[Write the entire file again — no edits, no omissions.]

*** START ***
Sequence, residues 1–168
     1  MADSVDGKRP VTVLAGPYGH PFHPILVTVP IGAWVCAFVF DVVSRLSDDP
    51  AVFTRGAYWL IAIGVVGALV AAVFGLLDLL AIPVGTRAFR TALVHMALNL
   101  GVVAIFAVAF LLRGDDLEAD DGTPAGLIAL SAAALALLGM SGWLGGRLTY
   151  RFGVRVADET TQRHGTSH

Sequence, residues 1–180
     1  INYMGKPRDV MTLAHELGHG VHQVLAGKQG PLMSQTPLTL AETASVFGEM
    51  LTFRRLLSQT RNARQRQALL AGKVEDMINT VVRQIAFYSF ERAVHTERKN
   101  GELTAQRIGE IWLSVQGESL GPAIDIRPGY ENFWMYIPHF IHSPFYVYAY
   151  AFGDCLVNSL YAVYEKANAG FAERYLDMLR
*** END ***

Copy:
Sequence, residues 1–168
     1  MADSVDGKRP VTVLAGPYGH PFHPILVTVP IGAWVCAFVF DVVSRLSDDP
    51  AVFTRGAYWL IAIGVVGALV AAVFGLLDLL AIPVGTRAFR TALVHMALNL
   101  GVVAIFAVAF LLRGDDLEAD DGTPAGLIAL SAAALALLGM SGWLGGRLTY
   151  RFGVRVADET TQRHGTSH

Sequence, residues 1–180
     1  INYMGKPRDV MTLAHELGHG VHQVLAGKQG PLMSQTPLTL AETASVFGEM
    51  LTFRRLLSQT RNARQRQALL AGKVEDMINT VVRQIAFYSF ERAVHTERKN
   101  GELTAQRIGE IWLSVQGESL GPAIDIRPGY ENFWMYIPHF IHSPFYVYAY
   151  AFGDCLVNSL YAVYEKANAG FAERYLDMLR